Background: Pancreatic anastomotic failure has traditionally been a source of significant morbidity and potential mortality after pancreaticoduodenectomy. Both patient-derived and technical factors contribute to pancreatic anastomotic failure. From a technical standpoint, an "ideal" pancreaticojejunal anastomosis would meet the following criteria: applicable to all patients, easy to teach, and associated with a low rate of pancreatic anastomotic failure-related complications. The pancreaticojejunostomy described by one of the authors (LHB) meets the criteria for an "ideal" pancreaticojejunostomy. Study Design: We performed an audit of results of a consecutive series of patients at two institutions who underwent pancreaticojejunostomy using the described technique. Pancreaticojejunostomy after pancreaticoduodenectomy was performed in all cases using a novel two-layer technique consisting of an outer full thickness pancreas-to-seromuscular jejunal anastomosis and an inner duct-to-mucosal anastomosis. Incidences of pancreatic anastomotic failure (measured using the International Study Group of Pancreatic Fistula definition) and perioperative pancreatic anastomotic failure-related complications were analyzed. Results: One hundred eighty-seven patients underwent pancreaticojejunostomy after pancreaticoduodenectomy using the described technique. Overall mortality was 1.6%. The rate of clinically significant pancreatic anastomotic failure (International Study Group of Pancreatic Fistula grade B or C) was only 6.9%. There was no bleeding, reoperation, or mortality secondary to pancreatic anastomotic failure among patients in this series. Conclusions: The novel pancreaticojejunostomy is applicable to all patients in whom the pancreatic duct can be identified, and it is associated with very low rates of significant postoperative morbidity and mortality. These findings support its routine use for pancreaticojejunal reconstruction after pancreaticoduodenectomy. © 2010 American College of Surgeons.

Heidel F.H.,Otto Von Guericke University of Magdeburg | Arreba-Tutusaus P.,Otto Von Guericke University of Magdeburg | Armstrong S.A.,Memorial Sloan Kettering Cancer Institute | Fischer T.,Otto Von Guericke University of Magdeburg
Clinical Cancer Research | Year: 2015

Acute myelogenous leukemia stem cells (AML-LSC) give rise to the leukemic bulk population and maintain disease. Relapse can arise from residual LSCs that have distinct sensitivity and dependencies when compared with the AML bulk. AML-LSCs are driven by genetic and epigenomic changes, and these alterations influence prognosis and clonal selection. Therapies targeting these molecular aberrations have been developed and show promising responses in advanced clinical trials; however, so far success with LSCs has been limited. Besides the genetic diversity, AML-LSCs are critically influenced by the microenvironment, and a third crucial aspect has recently come to the fore: A group of evolutionarily conserved signaling pathways such as canonical Wnt signaling, Notch signaling, or the Hedgehog pathway can be essential for maintenance of AML-LSC but may be redundant for normal hematopoietic stem cells. In addition, early reports suggest also regulators of cell polarity may also influence hematopoietic stem cells and AML biology. Interactions between these pathways have been investigated recently and suggest a network of signaling pathways involved in regulation of self-renewal and response to oncogenic stress. Here, we review how recent discoveries on regulation of AML-LSC-relevant evolutionarily conserved pathways may open opportunities for novel treatment approaches eradicating residual disease. © 2015 American Association for Cancer Research.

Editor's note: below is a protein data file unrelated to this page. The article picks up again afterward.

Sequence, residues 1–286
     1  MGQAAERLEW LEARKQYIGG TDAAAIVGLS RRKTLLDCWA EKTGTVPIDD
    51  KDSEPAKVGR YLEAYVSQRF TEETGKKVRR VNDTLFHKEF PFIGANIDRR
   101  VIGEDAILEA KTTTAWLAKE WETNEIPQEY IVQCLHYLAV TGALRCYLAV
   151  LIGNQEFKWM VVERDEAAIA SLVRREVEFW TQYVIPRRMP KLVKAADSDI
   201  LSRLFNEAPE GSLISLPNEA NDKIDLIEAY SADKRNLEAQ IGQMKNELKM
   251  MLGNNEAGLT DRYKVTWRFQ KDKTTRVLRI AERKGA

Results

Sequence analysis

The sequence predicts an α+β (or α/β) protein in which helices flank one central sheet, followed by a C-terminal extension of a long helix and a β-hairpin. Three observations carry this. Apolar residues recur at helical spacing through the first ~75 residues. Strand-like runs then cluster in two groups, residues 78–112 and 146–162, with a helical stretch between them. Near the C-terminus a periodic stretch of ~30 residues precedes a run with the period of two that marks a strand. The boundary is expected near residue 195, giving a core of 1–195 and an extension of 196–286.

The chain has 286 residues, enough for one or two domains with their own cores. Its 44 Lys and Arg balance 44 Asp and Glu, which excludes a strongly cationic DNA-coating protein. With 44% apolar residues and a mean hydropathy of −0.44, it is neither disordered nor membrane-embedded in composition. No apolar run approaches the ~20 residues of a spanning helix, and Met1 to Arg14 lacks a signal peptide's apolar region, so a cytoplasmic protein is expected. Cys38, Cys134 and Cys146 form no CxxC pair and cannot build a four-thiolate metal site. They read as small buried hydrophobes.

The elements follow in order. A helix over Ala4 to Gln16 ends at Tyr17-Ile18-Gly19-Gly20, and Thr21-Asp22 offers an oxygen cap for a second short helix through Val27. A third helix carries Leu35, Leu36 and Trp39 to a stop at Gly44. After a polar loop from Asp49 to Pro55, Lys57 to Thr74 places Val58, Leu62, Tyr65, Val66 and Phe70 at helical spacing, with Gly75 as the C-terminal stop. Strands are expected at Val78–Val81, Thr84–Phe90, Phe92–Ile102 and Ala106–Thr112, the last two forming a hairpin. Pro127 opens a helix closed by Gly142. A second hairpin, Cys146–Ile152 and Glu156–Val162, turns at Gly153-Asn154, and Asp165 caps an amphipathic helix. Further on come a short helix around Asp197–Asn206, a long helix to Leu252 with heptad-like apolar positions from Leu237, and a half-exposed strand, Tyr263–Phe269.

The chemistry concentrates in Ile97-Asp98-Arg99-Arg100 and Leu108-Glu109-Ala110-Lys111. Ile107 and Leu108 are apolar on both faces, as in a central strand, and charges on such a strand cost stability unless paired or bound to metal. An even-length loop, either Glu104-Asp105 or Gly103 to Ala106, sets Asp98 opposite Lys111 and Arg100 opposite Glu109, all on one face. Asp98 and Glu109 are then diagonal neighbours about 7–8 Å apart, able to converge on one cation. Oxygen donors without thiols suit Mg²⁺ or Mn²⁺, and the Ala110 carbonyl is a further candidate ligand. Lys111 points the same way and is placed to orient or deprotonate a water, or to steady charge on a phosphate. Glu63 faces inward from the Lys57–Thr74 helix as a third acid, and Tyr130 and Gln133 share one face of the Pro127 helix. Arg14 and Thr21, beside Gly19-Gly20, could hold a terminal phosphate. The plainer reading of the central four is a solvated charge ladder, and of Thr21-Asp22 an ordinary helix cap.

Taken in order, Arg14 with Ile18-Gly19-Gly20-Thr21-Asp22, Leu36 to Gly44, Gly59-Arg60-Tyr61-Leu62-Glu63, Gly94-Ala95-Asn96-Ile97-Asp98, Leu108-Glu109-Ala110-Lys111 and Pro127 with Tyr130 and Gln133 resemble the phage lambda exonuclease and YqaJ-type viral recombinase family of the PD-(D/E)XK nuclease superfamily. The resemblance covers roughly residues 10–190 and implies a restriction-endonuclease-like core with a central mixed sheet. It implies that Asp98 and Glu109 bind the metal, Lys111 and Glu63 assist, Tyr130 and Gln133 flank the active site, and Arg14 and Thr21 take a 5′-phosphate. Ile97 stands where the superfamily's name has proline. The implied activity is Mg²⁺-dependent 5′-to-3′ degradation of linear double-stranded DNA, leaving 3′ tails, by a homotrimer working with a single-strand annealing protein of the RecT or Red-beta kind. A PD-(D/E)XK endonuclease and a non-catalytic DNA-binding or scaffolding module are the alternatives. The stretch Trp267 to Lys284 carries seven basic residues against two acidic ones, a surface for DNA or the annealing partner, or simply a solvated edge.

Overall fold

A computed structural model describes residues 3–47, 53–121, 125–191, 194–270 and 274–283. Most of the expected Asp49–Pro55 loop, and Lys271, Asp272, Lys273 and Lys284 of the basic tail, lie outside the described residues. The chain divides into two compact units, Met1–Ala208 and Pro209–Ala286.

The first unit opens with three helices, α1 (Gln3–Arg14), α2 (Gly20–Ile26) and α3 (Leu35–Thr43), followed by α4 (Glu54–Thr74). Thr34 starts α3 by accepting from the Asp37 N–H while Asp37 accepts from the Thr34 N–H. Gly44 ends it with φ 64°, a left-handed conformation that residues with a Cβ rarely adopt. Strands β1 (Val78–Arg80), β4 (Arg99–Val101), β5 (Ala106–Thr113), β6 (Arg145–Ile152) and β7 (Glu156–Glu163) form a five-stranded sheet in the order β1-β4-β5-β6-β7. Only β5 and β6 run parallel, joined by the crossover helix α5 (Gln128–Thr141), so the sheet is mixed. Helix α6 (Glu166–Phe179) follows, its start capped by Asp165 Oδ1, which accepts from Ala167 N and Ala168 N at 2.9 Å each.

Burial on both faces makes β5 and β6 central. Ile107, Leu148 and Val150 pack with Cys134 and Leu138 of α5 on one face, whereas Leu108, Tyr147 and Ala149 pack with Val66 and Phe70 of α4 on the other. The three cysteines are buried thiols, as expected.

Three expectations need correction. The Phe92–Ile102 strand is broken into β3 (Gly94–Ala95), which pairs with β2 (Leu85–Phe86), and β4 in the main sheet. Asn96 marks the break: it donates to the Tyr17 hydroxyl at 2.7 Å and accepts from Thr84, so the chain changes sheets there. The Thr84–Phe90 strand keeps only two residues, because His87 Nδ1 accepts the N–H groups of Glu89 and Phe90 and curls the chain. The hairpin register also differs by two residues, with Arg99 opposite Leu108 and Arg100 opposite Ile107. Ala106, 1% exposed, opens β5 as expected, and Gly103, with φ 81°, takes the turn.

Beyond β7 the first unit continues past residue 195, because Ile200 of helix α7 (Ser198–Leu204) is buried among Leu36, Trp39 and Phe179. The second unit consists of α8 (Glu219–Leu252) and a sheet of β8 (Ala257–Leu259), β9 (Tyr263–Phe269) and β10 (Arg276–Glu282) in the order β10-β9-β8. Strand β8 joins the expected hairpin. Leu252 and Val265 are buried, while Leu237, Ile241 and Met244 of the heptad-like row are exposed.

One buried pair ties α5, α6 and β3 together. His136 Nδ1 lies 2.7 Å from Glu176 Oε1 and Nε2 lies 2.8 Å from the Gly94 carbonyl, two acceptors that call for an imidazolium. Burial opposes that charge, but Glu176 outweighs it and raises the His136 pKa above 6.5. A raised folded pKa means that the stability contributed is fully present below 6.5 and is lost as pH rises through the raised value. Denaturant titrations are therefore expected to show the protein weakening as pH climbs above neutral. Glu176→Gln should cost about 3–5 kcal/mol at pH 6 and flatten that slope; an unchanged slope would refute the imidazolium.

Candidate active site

Arndt J.,University of Missouri | Das E.,Radboud University Nijmegen | Schagen S.B.,Netherlands Cancer Institute | Reid-Arndt S.A.,University of Missouri | And 2 more authors.
Psycho-Oncology | Year: 2014

Background The potentially detrimental effects of cancer and related treatments on cognitive functioning have emerged as one of the key foci of cancer survivorship research, but little is known about how psychological variables other than depression influence these relationships. To illustrate the potential of social psychological perspectives, we examine how a self-regulatory analysis and specific self-regulatory challenges of contending with cancer-related expectancies and stereotypes provide conceptual frameworks for understanding some of the potential causes and consequences of cancer-related cognitive deficits. Methods Literatures on cancer-related cognitive deficits, self-regulatory ego depletion, expectancy stereotypes, and their points of convergence are briefly reviewed. Results A review and conceptual integration of relevant literatures suggest that coping with cancer can impair self-regulatory capacity. There is an overlap between cognitive deficits associated with self-regulatory challenge and with cancer and its treatment, and restoring self-regulatory resources can attenuate cancer-related cognitive deficits. Examination of specific regulatory challenges of contending with expectancies and stereotypes related to treatment suggests insights that can inform when and among whom cognitive deficits may most likely emerge. Conclusions Integrating social psychological ideas with a substantial knowledge base can illustrate novel research trajectories that can deepen our understanding of cancer-related cognitive deficits and their impact on psychosocial well-being. Broadening the cancer and cognition landscape: the role of self-regulatory challenges Copyright © 2013 John Wiley & Sons, Ltd.

Memorial Sloan Kettering Cancer Institute | Date: 2015-07-02

The disclosure provides compositions and methods for detecting and predicting acquired resistance to anti-EGFR treatment in colorectal cancers. Also provided are compositions and methods of preventing, reversing or delaying the acquired resistance. The present disclosure also provides kits for use in the methods described herein.